Authors: Murat Arsel*, Institute of Social Studies
Topics: Environment, Indigenous Peoples, Latin America
Keywords: drones, oil, Ecuador, Amazon, indigenous peoples
Session Type: Paper
Start / End Time: 1:10 PM / 2:50 PM
Room: Embassy Room, Omni, East
Presentation File: No File Uploaded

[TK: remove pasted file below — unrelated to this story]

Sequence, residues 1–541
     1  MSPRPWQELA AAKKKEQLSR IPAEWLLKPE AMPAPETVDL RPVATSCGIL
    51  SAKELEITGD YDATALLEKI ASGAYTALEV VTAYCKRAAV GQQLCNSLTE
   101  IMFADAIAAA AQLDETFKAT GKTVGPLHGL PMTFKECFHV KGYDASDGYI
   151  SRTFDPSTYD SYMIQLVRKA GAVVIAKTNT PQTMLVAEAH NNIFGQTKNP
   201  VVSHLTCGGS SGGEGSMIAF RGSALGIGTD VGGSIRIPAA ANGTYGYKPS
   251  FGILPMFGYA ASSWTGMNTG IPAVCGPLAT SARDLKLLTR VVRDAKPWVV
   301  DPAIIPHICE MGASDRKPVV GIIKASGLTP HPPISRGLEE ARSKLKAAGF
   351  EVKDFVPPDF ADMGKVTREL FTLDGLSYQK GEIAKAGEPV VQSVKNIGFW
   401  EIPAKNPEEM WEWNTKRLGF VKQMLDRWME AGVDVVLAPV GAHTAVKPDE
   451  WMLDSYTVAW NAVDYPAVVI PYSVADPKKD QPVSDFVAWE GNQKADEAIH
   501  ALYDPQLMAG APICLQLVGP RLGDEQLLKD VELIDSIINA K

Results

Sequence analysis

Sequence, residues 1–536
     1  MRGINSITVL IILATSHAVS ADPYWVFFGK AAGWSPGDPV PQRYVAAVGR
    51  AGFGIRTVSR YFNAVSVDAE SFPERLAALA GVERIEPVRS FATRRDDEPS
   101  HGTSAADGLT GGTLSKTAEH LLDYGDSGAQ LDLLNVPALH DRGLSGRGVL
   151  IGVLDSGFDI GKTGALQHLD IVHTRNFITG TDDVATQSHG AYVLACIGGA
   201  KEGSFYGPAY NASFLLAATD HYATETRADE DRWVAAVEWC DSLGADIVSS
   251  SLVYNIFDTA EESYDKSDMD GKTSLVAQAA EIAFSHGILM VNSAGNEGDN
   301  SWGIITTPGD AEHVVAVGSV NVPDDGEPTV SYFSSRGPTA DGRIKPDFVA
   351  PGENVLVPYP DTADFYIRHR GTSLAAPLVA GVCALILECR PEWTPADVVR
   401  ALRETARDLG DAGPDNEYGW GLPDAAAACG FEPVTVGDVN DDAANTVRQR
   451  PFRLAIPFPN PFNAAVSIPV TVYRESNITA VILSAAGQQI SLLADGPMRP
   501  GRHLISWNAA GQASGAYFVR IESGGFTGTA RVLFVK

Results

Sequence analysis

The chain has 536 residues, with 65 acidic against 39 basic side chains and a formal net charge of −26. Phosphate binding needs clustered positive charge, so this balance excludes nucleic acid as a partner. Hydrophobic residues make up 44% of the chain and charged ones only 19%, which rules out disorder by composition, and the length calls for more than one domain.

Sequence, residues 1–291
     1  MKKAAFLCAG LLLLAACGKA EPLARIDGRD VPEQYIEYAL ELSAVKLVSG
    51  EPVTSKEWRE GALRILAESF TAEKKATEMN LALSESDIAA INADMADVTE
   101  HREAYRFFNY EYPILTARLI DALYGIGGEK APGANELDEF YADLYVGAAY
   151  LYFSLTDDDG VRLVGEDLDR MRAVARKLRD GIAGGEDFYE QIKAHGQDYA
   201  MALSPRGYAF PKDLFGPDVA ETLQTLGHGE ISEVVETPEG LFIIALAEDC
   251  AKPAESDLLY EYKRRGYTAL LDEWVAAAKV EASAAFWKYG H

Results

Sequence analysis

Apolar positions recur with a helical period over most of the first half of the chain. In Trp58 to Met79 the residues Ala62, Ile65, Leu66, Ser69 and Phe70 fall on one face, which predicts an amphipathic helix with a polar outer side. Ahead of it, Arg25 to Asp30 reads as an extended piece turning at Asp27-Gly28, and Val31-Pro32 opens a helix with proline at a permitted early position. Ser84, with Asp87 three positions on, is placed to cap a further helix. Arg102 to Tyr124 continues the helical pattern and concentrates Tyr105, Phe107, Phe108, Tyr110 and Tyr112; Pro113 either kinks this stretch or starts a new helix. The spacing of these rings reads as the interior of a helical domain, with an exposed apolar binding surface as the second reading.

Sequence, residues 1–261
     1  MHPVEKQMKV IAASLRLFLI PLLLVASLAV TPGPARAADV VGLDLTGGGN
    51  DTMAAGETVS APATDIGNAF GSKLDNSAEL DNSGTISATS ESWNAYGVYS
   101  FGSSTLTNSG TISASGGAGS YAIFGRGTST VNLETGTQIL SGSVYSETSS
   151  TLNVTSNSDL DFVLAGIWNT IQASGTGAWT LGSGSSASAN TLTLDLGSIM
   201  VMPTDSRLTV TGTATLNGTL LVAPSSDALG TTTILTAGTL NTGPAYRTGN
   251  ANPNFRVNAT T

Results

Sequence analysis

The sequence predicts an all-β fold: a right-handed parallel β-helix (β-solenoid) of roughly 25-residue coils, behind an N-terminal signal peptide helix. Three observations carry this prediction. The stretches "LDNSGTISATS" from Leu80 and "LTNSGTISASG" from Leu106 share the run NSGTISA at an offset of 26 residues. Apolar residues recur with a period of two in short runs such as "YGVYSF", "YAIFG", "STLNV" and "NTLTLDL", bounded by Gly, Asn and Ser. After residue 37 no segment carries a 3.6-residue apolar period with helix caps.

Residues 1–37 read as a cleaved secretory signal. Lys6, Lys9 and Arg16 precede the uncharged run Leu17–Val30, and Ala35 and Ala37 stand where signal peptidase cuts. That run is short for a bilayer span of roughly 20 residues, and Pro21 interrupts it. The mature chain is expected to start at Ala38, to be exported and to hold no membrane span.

With falling prices and improving technology, drones have gone mainstream. Their use is no longer limited to barely acknowledged military missions. In addition to becoming yet another fashionable gadget for affluent consumers, they have found a variety of uses around the world for progressive causes. This presentation focuses on one such example, the deployment of drones (together with other 'frugal but advanced' hardware and software) to enhance community-based environmental monitoring of the impacts of extractive industries in the Amazon. By using data from an ongoing international collaboration between academics, international NGOs, intergovernmental actors and national and transnational indigenous organizations that help communities detect, map and publicize the impact of extractive processes in their territories, this paper will answer two related questions: What types of epistemological assumptions and implications accompany the coupling of 'advanced technologies' with indigenous knowledge? To what extent can such combinations help dismantle existing structural inequalities between affected communities on the one side and corporations and the state on the other?